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Dive Review of Grand Komodo Tours and Dives Ltd./NA in
Indonesia/Komodo, Rinca, Sangeang

October, 2004, an Instant Reader Report by Lee Thé, C, USA
Reviewer   (6 reports)
Report Number 2174
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Reporter and Travel
Dive Experience
101-250 dives
Where else diving
Land-based: Bali (Tulamben, Padang Bai), Philippines (Puerto Galera twice),
Hawaii (Maui, Big Island), Canada (Campbell River B.C.), California
(Monterey Bay, Catalina), Florida (West Palm Beach), Mexico (Cozumel, Cabo
San Lucas), Cayman Islands (C. Brac, Little C.);
Liveaboards: Bahamas (Exumas, Providence), Mexico (Sea of Cortez), British
Virgin Islands.
Closest Airport
Getting There


Dive Conditions

sunny, dry  
calm, currents  
Water Temp
74   to 81    ° Fahrenheit  
Wetsuit Thickness
Water Visibility
40   to 80    Feet  
Dive Policy
Dive own profile
Enforced diving restrictions  
130 ft. max; you could dive your own profile except on big current drift
dives--then you were expected to follow the DM, and for good reason! My
wife & I often stayed fifty feet above the DM but in sight of him,
which worked for everyone.  
Nitrox Available?
What I saw
1 or 2 
1 or 2 
Whale Sharks
> 2 
Ratings 1 (worst)- 5 (best):
  5 stars
Tropical Fish
5 stars  
Small Critters
  5 stars
Large Fish
3 stars  
Large Pelagics
  3 stars
Underwater Photography  1 (worst)- 5 (best):
Subject Matter
5 stars  
Boat Facilities
4 stars
Overall rating for UWP's  
5 stars  
Shore Facilities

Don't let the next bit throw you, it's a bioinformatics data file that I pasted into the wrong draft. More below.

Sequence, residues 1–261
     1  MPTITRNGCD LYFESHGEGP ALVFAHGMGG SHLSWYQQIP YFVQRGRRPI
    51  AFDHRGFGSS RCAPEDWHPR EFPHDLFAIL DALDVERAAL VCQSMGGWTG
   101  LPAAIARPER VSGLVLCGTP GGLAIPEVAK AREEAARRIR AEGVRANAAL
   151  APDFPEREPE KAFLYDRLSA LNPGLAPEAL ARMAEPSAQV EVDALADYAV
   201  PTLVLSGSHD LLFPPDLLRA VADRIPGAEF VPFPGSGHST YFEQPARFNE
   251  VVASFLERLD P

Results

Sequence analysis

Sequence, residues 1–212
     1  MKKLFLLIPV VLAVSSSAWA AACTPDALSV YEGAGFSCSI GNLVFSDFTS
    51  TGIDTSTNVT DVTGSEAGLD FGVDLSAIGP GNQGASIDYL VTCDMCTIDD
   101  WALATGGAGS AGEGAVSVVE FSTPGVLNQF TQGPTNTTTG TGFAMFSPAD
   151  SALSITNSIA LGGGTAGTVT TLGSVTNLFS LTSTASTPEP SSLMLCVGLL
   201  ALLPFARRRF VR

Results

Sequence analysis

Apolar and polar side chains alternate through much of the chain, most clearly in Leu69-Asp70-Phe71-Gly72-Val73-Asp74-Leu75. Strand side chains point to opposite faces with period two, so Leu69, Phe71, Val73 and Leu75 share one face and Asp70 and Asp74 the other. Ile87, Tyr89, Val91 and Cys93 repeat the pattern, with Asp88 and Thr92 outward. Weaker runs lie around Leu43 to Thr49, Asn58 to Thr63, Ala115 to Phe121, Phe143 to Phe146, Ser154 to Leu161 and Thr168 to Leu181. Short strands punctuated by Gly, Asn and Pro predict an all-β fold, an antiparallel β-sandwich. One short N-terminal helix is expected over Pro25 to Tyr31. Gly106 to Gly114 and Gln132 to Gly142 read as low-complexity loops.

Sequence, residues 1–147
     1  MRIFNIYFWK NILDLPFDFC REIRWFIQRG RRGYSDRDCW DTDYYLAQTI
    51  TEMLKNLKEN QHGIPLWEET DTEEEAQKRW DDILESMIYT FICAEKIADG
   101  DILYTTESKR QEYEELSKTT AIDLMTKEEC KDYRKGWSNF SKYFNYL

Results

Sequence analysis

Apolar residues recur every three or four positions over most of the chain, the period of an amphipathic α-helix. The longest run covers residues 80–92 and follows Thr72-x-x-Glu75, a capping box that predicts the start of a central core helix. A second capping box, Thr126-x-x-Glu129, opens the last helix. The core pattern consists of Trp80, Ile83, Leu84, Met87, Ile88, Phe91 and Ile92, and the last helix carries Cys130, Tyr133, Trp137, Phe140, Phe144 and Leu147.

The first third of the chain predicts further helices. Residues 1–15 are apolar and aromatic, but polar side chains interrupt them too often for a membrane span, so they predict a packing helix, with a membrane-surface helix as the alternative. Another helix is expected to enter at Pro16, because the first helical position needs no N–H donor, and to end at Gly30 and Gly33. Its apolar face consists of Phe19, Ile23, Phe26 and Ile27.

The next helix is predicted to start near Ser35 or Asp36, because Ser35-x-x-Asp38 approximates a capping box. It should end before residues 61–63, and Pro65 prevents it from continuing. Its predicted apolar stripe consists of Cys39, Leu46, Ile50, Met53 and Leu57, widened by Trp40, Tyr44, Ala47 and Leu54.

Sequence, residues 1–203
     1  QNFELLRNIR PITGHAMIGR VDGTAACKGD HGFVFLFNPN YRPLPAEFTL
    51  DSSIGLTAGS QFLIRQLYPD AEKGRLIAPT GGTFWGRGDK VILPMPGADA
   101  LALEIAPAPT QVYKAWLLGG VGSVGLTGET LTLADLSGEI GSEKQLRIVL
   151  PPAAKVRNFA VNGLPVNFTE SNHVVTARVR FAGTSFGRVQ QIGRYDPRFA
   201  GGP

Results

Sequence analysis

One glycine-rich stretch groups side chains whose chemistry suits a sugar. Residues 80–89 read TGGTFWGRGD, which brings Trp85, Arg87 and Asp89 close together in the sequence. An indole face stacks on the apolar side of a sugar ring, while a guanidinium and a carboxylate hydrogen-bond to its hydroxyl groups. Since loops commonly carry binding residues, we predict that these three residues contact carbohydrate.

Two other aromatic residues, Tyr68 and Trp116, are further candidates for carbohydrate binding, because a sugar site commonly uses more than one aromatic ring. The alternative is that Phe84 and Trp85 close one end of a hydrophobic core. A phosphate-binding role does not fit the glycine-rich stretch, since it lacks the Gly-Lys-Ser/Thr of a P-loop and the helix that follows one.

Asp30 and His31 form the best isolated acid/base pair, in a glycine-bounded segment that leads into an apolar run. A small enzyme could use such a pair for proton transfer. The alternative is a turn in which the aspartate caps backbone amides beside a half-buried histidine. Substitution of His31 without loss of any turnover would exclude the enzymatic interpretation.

Two freshwater tanks used for cameras, masks, lights. Convenient, dry
platform for cameras.
No development facilities onboard, but you should be shooting digital by
now anyway. Good handling for cameras. Plus I lost my UW camera getting
into the dinghy, didn’t realize it until we’d returned to the boat—and yet
one of the divemasters was able to retrace our steps, take the current into
account, drop down and find it! Plus the captain & divemasters were
locals who excelled at finding the special stuff to shoot, and the crew
were good at handling camera gear carefully. Plus the dual divemasters and
dive your own profile situation gave photographers the freedom they need to
get the good shots.
Overall, as long as you can deal with the frequent current conditions and
plankton-rich water, this is one of the best UW photo trips you can make
for both macro and normal lens shooting. I should add that I found it
excellent for available light digital photography, which I prefer when
Ratings and Overall Comments  1 (worst)- 5 (best):
4 stars
3 stars
Service and Attitude
4 stars
Environmental Sensitivity  
Dive Operation
5 stars  
Shore Diving  
3 stars  

Overall Rating

Value for $$
1 stars   
5 stars    
This region (the Philippines/Indonesia/New Guinea triangle) provides the
greatest species diversity in the world--at least 3X that of the
Caribbrean. Nowadays we come back from Caribbean dives saying “Nice dive.
Saw the usual.” We came back from Komodo dives going “Holy cow—did you see
THAT???” On the other hand, bomb fishing, cyanide fishing and just plain
overfishing limit just where you can go and still enjoy this diversity.
Komodo is one of them. Indonesia established a national park there and
actually enforces the fishing ban in its waters. So Komodo joins legendary
locales like Papua New Guinea and the Coral Sea, with one big difference:
it costs about half as much--under $3K/person for us including airfares to
Bali and then to Sumbawa, transfers, hotels, all meals, the liveaboard,
stopovers in Bali and Hong Kong—everything. And this wasn’t roughing it—we
had good AC and western-style toilets everywhere we stayed, and four-star
hotels in Bali.

However, this isn’t for newbie divers. You only get those amazing soft
corals and hugely abundant/diverse life in general at the price of
sometimes fierce, sometimes unpredictable currents and cold water
upwellings, and you’re a long, long ways from the nearest compression
chamber. You don’t have to be a jock (several of our group had physical
limitations, in fact), but you do have to be experienced and know what to
do in sometimes powerful multidirectional currents, and be prepared for
waters sometimes as cold as 71°F below the thermocline. And you should
go with locals, as we did. Our boat, crew, dive operator, and divemasters